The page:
Action during a game between the Minnesota Wild and the Chicago Blackhawks.
Photograph by Robin Alam — AP
By Jeff John Roberts
June 12, 2015

Here’s a small bit of good news for sports fans: The price of online hockey games will likely drop next year after the NHL and broadcasters settled a class action case over “blackout” rules intended to protect local TV monopolies. Under a proposed settlement, the league will begin selling single-team packages for $105 a season rather than forcing fans to buy a $159 bundle that includes teams they don’t care about.

The upshot is that fans who root for an out-of-town team (like a Bruins fan who lives in New York) will get an option to save money – but the settlement, despite a judge’s ruling that blackouts are likely illegal, will not help fans (like a Rangers fan in New York) who want to watch the local team online.

If you’re unfamiliar, the hockey settlement, filed Thursday in federal court, came after fans sued the NHL and Major League Baseball in 2012, claiming that the way the leagues sold games amounted to an antitrust violation. The new deal, however, only covers hockey; the baseball-related lawsuit is ongoing, though the NHL arrangement could prove a template since the two cases have very similar facts.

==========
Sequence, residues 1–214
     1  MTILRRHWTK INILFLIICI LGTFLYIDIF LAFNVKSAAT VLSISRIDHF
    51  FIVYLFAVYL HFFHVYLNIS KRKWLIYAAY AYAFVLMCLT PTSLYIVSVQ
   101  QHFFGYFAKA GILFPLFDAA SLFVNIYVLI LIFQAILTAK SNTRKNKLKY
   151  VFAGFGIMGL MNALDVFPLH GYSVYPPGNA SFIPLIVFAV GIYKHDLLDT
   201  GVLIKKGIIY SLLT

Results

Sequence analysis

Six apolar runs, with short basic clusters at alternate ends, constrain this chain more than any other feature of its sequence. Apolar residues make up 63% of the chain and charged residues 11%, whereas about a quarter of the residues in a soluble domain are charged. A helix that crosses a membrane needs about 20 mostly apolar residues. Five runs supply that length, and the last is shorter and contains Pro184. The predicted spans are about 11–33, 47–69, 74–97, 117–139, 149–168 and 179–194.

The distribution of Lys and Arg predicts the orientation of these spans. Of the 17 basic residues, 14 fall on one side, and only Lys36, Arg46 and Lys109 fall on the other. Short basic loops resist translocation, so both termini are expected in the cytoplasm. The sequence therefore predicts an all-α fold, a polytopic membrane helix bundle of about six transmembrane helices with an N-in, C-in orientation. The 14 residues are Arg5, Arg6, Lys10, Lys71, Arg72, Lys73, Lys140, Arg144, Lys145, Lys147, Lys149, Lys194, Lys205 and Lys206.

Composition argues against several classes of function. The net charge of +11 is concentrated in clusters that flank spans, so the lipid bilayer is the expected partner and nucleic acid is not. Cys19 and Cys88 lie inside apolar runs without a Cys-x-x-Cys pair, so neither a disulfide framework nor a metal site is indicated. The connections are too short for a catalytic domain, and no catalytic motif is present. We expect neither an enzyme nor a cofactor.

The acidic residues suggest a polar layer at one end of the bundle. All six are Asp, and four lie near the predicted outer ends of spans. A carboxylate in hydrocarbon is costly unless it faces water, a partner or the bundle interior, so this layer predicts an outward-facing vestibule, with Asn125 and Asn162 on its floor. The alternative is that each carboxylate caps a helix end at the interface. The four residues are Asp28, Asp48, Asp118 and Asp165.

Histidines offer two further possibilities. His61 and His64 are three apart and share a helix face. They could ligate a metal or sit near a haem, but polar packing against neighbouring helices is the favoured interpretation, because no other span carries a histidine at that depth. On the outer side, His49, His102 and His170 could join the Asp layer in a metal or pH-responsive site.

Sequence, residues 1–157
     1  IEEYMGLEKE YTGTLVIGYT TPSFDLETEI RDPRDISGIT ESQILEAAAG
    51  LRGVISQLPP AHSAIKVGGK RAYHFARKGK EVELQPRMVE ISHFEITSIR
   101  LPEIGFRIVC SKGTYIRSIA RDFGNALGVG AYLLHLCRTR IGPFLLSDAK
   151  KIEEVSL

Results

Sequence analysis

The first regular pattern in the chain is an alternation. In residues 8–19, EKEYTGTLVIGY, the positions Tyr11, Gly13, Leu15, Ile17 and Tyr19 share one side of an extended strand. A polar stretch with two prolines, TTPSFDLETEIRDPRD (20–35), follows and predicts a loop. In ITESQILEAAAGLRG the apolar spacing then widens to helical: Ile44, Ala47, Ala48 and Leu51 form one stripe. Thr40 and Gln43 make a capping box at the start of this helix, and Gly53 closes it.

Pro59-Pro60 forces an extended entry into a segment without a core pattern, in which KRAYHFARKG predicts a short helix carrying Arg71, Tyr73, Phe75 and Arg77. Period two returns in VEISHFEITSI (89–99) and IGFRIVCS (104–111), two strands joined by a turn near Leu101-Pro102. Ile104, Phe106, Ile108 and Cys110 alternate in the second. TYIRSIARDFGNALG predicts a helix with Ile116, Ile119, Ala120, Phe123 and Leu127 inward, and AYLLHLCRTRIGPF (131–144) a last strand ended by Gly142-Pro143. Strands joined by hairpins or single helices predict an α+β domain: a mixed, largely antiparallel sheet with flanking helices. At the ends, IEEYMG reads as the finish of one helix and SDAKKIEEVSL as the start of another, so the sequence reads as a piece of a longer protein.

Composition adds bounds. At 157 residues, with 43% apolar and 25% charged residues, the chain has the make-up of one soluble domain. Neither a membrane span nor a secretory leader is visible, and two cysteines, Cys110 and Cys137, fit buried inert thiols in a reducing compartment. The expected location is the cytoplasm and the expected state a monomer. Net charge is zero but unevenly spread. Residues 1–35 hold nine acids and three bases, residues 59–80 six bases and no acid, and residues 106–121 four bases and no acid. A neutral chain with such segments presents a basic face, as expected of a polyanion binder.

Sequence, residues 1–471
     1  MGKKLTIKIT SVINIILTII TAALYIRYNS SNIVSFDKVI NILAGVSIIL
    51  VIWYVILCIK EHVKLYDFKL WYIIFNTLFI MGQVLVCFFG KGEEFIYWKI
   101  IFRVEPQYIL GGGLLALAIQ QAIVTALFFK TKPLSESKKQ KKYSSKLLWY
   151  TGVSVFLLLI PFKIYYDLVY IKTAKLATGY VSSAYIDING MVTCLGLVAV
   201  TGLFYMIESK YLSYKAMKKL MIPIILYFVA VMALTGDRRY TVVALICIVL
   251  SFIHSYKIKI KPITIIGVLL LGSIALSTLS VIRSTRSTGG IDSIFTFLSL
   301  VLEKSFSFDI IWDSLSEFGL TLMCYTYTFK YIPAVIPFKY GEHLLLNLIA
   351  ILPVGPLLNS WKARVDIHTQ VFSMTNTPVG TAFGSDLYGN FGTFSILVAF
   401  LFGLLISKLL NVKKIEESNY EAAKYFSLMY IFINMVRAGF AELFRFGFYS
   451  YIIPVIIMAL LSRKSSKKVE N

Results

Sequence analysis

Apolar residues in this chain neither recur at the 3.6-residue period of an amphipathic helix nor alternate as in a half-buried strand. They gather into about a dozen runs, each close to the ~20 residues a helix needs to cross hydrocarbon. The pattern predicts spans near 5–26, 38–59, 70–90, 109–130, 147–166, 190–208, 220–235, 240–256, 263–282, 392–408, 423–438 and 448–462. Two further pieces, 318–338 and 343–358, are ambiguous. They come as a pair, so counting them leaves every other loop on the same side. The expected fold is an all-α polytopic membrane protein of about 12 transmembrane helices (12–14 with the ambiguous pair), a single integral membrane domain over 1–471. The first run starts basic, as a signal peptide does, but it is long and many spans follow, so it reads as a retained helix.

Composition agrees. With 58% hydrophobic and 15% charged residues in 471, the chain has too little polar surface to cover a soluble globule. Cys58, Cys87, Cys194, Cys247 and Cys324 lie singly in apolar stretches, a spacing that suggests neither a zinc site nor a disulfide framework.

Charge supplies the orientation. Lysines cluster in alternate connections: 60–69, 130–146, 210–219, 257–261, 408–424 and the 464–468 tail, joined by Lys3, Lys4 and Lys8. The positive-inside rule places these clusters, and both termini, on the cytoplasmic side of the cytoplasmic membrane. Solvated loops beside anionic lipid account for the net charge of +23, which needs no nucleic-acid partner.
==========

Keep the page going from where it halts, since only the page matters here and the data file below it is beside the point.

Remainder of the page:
Unfortunately, the NHL deal doesn’t resolve the issue that really bugs sports fans: the “blackout” rules that mean online subscribers to NHL’s Game Center Live or MLB TV can’t see the local teams. That issue was what gave rise to the lawsuits in the first place, as fans sued both the leagues and TV distributors Comcast (CMCSA)and DirectTV(DTV), saying the blackout rules created an illegal monopoly.

For fans, the proposed NHL deal may be especially frustrating since U.S. District Judge Shira Scheindlin last month agreed that the monopoly blackout arrangement did appear to be an antitrust violation. But the judge also said fans could not look to recover money, but could only seek an order putting a stop to the blackouts.

That ruling is likely why lawyers for the fans declined to pursue the case to its conclusion, and instead to accept a settlement based on the price cut. All of the parties – including the NHL and the broadcasters – urged the judge to approve the deal before the start of the 2015-1016 hockey season.

Team owners and broadcasters are likely to keep a wary eye on what happens next. If other courts agree that the blackouts are an antitrust violation, that would pose a major threat to the business model of leagues like the MLB and NHL, which is based on selling monopoly game rights at top dollars to local TV networks.

You can read the settlement for yourself below:

NHL Settlement

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